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Fresh alert over meningitis

Two Dewsbury schools have been placed on a health alert after three pupils were admitted to hospital with suspected meningitis.

Kirklees local authority has written to the parents of children at Overthorpe Church of England junior and infant school and Thornhill High School, giving advice and information about the disease which killed a Leeds University student this week and two pupils in a Lincolnshire school last month.

The latest outbreak has affected two boys, aged 16 and 10, and a 10-year-old girl. However, Rob Vincent, Kirklees' chief education officer, said the authority acted swiftly to reassure headteachers and parents there was no cause for alarm.

"Our advice from West Yorkshire Health Authority and experts in this particular field is that the cases are unlikely to be anything more than a coincidence," he said.

Parents were worried, but were accepting the advice and most were continuing to send their children to the schools. Pupils at Overthorpe were given diagnostic swabs and offered antibiotics on Wednesday by health authority staff.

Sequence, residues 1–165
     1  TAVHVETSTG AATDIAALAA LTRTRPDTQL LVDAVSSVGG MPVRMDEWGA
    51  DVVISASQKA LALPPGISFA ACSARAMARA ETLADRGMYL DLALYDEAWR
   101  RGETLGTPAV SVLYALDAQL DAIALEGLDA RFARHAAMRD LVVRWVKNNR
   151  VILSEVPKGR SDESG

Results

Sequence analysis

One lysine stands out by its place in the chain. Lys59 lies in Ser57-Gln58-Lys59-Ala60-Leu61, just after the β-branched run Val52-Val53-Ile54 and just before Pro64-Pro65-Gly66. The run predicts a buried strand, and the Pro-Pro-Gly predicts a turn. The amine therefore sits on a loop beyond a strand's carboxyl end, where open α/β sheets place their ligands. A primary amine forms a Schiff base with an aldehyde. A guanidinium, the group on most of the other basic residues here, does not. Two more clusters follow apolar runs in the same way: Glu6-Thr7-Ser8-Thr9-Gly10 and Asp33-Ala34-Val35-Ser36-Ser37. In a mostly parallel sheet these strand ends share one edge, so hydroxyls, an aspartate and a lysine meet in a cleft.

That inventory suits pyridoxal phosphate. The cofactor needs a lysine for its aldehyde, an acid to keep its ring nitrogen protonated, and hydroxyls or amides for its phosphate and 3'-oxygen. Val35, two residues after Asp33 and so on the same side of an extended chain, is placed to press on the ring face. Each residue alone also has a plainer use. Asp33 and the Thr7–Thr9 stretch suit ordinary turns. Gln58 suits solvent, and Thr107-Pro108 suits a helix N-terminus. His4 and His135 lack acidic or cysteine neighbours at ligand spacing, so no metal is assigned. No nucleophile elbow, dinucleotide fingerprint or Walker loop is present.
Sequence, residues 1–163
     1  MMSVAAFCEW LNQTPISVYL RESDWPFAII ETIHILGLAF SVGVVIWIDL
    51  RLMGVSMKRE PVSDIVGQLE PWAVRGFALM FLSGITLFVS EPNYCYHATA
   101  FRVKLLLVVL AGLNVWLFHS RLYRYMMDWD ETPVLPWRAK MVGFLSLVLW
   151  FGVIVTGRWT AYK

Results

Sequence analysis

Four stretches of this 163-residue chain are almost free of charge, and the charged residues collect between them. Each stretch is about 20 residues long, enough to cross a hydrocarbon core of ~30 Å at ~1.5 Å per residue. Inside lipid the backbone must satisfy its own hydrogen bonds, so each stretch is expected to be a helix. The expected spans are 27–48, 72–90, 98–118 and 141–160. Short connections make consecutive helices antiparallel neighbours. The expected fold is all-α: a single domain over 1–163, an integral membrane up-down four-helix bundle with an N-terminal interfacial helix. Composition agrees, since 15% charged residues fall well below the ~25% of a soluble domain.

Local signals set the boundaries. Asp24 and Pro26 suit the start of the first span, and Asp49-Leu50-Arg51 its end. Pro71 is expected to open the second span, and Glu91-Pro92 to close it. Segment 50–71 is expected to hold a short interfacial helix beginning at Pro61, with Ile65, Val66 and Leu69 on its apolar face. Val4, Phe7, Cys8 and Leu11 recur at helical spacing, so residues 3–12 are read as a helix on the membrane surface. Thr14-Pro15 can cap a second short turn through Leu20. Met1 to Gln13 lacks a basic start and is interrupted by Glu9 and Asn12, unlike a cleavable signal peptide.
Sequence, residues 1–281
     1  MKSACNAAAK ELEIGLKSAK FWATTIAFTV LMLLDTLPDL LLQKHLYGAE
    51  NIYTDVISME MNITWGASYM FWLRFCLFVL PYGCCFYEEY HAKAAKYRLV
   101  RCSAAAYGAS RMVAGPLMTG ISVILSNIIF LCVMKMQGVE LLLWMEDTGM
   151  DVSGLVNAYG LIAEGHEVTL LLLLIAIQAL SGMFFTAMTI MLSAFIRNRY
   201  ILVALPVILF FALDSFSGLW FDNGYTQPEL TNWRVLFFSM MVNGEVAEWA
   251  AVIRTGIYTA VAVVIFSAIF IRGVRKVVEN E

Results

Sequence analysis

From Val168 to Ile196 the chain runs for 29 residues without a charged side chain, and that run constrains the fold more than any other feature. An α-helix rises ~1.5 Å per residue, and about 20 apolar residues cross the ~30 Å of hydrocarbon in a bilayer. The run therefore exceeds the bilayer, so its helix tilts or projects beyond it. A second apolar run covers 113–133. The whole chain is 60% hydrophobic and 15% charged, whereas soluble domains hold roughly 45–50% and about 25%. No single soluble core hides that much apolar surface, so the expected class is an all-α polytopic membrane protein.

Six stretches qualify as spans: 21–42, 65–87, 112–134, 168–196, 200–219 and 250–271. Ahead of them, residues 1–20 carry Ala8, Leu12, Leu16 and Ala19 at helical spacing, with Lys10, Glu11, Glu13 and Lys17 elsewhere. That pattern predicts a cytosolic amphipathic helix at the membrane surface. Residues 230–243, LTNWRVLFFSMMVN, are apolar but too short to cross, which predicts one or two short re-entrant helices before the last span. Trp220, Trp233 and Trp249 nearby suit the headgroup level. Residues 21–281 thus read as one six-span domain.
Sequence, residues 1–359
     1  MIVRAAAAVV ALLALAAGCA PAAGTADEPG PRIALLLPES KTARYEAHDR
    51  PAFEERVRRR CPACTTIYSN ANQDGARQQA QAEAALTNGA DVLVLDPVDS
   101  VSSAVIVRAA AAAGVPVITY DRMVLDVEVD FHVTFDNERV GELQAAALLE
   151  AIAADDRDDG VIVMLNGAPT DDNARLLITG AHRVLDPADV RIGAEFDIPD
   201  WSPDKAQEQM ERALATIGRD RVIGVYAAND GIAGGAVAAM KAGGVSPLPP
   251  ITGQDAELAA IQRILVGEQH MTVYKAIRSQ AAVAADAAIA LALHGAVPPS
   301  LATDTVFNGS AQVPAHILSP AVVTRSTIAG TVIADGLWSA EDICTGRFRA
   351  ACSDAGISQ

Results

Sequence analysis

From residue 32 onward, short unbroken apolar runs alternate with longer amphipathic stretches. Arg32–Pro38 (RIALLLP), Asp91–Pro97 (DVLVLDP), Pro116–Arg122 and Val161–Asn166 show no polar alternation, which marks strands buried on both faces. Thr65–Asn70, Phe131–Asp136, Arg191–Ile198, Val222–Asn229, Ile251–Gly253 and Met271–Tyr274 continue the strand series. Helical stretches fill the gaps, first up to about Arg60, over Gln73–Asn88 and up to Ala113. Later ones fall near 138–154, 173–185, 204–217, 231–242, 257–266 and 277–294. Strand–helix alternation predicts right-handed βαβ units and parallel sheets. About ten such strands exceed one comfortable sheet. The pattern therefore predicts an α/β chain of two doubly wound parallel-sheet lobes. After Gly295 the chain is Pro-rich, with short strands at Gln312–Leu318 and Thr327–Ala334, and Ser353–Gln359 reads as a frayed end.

Meningitis outbreaks tend to occur in cycles and peak in winter, a Department of Health spokesman said. "There is little schools could do to prevent this from happening. Staff must look for warning signs."

Young children are particularly vulnerable and it also affects teenagers and the elderly. In the early stages it is similar to 'flu.

There are three strains: viral meningitis, now virtually eliminated since the introduction of the HIB vaccine; bacterial meningitis, which is life-threatening and which struck at City School, Lincoln; and pneumococcal meningitis, which can be treated by vaccine.

Symptoms include: fever, headache and nausea, a stiff neck and rash. The bacteria can only be spread by prolonged personal contact such as kissing.

Staff and pupils at City School were immunised last weekend. "Our investigations point to the outbreak being related to the normal social activities of teenagers and not the school," said Dr Mandy Bretman, acting director of public health medicine.

A 16-year-old girl from Godolphin Latymer School, Hammersmith, west London, is recovering from the disease.

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